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Annoyed When People Talk About White Male Privilege Or Whatever? Think They're Trying To Guilt You?

The term "privilege" is loaded for some people. I get it — it can cause feelings of guilt over something that isn't a favor you asked for. But what I LOVE about this series of posters from the University of San Francisco is showing that what's necessary isn't guilt, but simply awareness. We didn't make the world this way, but we don't have to sit back and just be passive beneficiaries of inherent inequities, either. Just by being aware, you can start to make the world a tiny bit more just. Here are six types of privilege to be aware of and a little primer on what that means.

First, let's all agree that feelings of guilt aren't productive.


When we get to the root of the privilege concept, here's what it is.

There's the privilege of never having to think twice about doing something requiring unfettered physical mobility.

(Lone Mountain is a USF building atop a large hill with lots and lots of stairs.)

There are the built-in perks of being part of a religious cultural norm.

If you're pretty sure that you'll get a chance to explain yourself to an officer and clear up any misunderstanding, you probably have white male privilege (remember, no guilt — we're just discussing concepts here).

Feeling like you were born in the right body comes with some benefits that others don't get to enjoy.

If your honey smooches you before putting you in a cab and you get to ride home basking in good feelings instead of feeling frustrated at dirty looks people gave you:

If you worried about how high your SAT score would be — as opposed to whether you should even take it because college seemed like it's for other people:

Here is what Dr. Walker of the University of San Francisco wants you to know about talking about "privilege."

Some people view discussions around privilege as a bad thing. As if discussing privilege oppresses people or is an attempt to call people out as racist, homophobic, misogynistic, etc. However, that is not the case. Discussions around privilege provide us with a platform to discuss the ways in which society has structurally favored certain groups of people over others and the ways in which we can use the privileges we have to advocate for those who may not be supported by structural systems (i.e., education system, judicial system, health care system). What we often see is that discussions around privilege are met with resistance because people have not had opportunities to discuss their identities and the ways in which they can use their identities to engage in social justice activities or advocate for others.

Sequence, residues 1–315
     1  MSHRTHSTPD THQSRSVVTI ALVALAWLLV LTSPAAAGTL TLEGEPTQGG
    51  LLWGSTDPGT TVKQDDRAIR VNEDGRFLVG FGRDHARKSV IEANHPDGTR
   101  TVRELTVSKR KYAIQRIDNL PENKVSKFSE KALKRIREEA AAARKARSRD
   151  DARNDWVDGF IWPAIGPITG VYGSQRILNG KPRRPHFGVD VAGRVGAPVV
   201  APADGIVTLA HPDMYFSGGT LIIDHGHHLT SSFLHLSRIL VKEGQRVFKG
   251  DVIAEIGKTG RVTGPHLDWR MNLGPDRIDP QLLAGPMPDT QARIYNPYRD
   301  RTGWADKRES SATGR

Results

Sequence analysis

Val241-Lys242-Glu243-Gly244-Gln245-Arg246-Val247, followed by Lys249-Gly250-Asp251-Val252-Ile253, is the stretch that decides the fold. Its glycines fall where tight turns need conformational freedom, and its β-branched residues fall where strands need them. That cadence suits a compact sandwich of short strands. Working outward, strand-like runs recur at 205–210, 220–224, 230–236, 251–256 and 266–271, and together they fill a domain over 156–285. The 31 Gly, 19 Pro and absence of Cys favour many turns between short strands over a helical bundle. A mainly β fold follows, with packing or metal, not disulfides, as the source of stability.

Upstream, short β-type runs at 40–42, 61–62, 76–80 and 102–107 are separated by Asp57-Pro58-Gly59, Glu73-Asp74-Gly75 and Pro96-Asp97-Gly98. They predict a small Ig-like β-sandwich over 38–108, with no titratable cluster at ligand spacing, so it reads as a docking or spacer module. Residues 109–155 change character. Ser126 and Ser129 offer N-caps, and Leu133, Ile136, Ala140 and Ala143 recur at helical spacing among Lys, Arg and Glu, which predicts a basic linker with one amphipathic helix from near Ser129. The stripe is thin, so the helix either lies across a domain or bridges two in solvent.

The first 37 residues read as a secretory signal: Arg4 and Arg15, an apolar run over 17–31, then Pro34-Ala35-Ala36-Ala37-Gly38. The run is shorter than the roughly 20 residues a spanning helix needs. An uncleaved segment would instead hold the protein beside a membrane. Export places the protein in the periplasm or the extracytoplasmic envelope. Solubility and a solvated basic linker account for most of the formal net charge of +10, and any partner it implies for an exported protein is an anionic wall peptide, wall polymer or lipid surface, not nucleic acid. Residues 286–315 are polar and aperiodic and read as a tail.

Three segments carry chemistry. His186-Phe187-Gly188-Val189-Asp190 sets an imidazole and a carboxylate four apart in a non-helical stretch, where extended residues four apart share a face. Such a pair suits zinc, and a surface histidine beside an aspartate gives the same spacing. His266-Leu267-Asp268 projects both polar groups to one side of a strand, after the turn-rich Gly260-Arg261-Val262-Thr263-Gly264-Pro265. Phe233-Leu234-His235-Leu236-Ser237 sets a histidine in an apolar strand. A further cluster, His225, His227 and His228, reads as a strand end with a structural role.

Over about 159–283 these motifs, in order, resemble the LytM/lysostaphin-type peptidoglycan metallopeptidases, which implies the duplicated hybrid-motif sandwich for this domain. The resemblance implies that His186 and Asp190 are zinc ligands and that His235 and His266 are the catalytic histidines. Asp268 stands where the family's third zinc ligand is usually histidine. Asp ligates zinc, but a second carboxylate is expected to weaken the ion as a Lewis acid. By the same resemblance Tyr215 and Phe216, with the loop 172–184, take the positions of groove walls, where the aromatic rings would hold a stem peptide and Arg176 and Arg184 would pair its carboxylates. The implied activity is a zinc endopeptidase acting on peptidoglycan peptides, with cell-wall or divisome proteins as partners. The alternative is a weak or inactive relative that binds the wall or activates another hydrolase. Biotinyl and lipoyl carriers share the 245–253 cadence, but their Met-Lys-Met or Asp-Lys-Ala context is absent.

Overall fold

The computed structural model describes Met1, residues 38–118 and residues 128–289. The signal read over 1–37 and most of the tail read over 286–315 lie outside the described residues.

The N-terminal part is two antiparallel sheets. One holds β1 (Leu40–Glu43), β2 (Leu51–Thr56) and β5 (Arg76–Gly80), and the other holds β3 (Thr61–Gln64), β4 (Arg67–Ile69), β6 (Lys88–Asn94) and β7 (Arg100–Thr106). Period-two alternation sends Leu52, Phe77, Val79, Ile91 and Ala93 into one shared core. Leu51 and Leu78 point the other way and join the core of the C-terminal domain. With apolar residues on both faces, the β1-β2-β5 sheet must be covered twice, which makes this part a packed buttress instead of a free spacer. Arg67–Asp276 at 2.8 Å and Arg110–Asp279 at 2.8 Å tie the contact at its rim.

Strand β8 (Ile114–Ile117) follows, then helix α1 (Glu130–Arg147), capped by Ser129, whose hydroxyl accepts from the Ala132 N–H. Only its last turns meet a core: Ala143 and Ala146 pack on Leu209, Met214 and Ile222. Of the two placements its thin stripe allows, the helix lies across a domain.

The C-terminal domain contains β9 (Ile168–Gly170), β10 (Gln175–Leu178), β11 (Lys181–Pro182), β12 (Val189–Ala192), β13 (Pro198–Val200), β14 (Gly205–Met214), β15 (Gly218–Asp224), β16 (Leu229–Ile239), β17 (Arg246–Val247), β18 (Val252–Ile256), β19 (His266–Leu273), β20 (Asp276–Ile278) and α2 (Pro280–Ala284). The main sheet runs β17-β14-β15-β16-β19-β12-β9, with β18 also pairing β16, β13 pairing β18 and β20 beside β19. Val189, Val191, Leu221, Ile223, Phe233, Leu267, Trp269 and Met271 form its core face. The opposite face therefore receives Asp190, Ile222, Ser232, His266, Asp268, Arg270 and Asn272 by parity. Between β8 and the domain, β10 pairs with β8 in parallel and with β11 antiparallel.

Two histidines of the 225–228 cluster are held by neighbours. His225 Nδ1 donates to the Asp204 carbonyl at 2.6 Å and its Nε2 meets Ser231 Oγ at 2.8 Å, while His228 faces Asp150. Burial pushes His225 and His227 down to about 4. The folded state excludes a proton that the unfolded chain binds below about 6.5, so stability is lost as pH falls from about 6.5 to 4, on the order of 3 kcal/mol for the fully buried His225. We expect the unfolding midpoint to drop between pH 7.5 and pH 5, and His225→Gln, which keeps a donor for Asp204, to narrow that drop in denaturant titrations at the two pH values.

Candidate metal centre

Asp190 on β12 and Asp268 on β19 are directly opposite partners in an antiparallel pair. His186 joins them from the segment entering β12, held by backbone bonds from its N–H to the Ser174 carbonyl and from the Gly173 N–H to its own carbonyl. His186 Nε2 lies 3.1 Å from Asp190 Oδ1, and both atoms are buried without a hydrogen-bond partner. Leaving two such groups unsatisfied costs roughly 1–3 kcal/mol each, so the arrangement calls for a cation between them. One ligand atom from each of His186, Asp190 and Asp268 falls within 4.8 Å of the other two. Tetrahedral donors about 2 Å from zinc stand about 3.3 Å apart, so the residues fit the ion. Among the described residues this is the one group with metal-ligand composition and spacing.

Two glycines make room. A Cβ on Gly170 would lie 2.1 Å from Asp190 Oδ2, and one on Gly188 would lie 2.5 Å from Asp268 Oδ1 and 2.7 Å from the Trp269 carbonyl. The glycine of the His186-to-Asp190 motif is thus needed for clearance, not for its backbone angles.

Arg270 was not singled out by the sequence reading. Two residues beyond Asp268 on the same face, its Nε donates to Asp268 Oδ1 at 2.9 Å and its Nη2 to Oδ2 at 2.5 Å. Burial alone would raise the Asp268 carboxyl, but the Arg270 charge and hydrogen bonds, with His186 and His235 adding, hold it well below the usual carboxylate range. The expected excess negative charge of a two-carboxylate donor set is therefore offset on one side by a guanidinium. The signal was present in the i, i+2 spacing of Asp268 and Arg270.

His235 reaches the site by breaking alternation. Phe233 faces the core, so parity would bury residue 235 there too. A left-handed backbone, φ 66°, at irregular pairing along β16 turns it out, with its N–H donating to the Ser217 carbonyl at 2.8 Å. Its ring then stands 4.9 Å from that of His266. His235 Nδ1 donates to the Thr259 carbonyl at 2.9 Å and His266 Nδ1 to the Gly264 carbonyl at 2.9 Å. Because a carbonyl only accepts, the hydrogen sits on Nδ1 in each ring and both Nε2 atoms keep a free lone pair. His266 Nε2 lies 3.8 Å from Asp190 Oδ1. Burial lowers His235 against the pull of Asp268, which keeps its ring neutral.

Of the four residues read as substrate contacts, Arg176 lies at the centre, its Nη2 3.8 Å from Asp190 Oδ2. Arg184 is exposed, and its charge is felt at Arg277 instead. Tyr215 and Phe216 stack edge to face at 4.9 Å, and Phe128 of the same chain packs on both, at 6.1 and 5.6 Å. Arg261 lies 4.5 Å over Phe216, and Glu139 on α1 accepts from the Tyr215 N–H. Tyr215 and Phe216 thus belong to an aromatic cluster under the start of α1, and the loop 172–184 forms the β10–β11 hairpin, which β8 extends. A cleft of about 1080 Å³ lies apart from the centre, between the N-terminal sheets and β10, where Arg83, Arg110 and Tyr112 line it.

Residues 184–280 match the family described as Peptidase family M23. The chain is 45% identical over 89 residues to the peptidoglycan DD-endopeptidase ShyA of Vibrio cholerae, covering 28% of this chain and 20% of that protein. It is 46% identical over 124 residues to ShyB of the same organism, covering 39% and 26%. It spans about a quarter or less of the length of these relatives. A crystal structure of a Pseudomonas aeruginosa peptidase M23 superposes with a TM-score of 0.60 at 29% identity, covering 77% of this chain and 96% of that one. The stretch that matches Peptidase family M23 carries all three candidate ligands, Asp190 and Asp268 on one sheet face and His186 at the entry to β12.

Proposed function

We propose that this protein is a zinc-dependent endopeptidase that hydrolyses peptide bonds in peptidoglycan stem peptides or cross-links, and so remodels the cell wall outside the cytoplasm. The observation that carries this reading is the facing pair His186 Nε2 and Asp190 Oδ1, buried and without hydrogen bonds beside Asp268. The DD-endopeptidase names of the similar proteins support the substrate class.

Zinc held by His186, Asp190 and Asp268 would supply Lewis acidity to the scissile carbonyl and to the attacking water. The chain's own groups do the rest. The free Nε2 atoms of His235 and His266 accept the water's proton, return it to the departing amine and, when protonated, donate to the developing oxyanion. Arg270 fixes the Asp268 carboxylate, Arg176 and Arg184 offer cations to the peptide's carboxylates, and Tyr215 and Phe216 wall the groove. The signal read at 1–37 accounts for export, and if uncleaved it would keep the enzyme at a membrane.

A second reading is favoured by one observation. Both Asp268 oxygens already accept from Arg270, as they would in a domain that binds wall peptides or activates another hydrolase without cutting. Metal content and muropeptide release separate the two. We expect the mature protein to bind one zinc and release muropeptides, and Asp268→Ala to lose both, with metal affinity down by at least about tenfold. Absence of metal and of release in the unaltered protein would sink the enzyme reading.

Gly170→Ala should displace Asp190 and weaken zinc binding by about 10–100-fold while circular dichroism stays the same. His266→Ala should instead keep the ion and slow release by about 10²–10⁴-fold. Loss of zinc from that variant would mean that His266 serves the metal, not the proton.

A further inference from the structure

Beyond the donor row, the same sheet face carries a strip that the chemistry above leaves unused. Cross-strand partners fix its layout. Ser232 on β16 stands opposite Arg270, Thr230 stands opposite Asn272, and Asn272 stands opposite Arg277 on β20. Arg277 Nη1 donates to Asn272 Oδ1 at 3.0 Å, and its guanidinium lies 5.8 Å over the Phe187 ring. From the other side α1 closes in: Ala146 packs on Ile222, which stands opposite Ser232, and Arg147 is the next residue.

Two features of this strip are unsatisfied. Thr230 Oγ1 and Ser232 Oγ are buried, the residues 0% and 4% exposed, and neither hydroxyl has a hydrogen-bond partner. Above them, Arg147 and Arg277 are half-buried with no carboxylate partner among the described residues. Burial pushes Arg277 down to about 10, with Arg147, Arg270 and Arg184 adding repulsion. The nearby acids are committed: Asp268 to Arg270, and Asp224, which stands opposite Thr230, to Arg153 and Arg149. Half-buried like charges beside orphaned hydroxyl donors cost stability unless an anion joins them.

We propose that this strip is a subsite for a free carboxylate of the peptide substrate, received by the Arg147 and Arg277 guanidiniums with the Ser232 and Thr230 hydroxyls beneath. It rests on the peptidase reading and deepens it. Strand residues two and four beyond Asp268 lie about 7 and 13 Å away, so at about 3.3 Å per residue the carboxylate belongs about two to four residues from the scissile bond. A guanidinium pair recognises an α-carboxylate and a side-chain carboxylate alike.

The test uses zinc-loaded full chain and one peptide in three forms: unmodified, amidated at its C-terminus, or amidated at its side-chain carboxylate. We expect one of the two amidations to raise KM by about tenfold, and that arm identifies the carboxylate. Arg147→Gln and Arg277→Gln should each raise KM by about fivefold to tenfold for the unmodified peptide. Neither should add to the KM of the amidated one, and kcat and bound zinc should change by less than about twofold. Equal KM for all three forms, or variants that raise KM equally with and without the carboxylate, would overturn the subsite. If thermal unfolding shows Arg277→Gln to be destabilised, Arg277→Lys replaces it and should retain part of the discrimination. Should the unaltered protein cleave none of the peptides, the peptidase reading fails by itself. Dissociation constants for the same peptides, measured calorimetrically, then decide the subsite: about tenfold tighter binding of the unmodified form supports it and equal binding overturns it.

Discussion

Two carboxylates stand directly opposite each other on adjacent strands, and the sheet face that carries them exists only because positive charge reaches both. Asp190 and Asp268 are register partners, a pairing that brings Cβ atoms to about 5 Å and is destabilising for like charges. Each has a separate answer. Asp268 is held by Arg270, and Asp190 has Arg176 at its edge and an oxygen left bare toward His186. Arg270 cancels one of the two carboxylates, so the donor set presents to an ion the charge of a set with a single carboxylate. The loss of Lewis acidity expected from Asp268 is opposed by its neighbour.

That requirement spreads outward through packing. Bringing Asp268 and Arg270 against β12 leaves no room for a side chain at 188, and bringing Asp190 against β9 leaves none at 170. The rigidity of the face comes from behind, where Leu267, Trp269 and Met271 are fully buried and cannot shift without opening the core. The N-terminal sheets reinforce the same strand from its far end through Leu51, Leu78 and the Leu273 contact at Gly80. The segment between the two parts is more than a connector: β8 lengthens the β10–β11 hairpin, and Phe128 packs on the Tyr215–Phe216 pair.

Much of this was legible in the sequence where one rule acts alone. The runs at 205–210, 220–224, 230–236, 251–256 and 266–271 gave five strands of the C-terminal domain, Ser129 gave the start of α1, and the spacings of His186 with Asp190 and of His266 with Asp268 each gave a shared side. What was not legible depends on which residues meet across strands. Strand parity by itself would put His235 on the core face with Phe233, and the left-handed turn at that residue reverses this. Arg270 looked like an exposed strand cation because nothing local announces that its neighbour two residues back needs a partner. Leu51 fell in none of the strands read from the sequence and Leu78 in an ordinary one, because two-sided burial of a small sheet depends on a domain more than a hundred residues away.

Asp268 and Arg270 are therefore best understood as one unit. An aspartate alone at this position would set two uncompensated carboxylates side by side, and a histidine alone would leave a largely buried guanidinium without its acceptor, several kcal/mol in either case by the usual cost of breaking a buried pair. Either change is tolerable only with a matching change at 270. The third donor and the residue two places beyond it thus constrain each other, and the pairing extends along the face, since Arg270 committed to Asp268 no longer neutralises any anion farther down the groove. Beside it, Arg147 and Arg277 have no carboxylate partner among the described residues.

The Prince Charles Cinema/Youtube

Brendan Fraser dressed as Rick O'Connell.

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“She's broken my mind. I don't even understand what I'm not understanding."

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In a video interview originally posted in 2020, a woman named Kirsten Carlson gave some insight into this question, sharing how not having an inner dialogue affected her reading and writing, her interactions with others and how she navigates mental challenges like anxiety and depression. It was eye-opening and mind-blowing.
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Surprising Australian interview from 1974 shows just how weird it was for women to be in a bar

“You think women are going to be shocked by your language—that’s why you don’t want them in here?"

Surprising interview from 1974 shows how weird it was for women to be in a bar.

Once upon a time, things were weird. This is sure to be a sentiment that children of the future will share about the rules and customs of today, but knowing that fact doesn't stop things from the past from seeming a bit strange. In a rediscovered video clip of an Australian *gasp* female reporter in a bar in 1974, it's clear pretty quickly that she's out of place.

It's almost as if she's describing her movements like Steve Irwin would do when approaching a wild animal in its natural habitat. Her tone is even and hushed as she makes her way into the bar telling viewers how she's going to make her way to the barkeep, who also looks to be a woman. So I guess women were allowed to work in bars but not drink in them?

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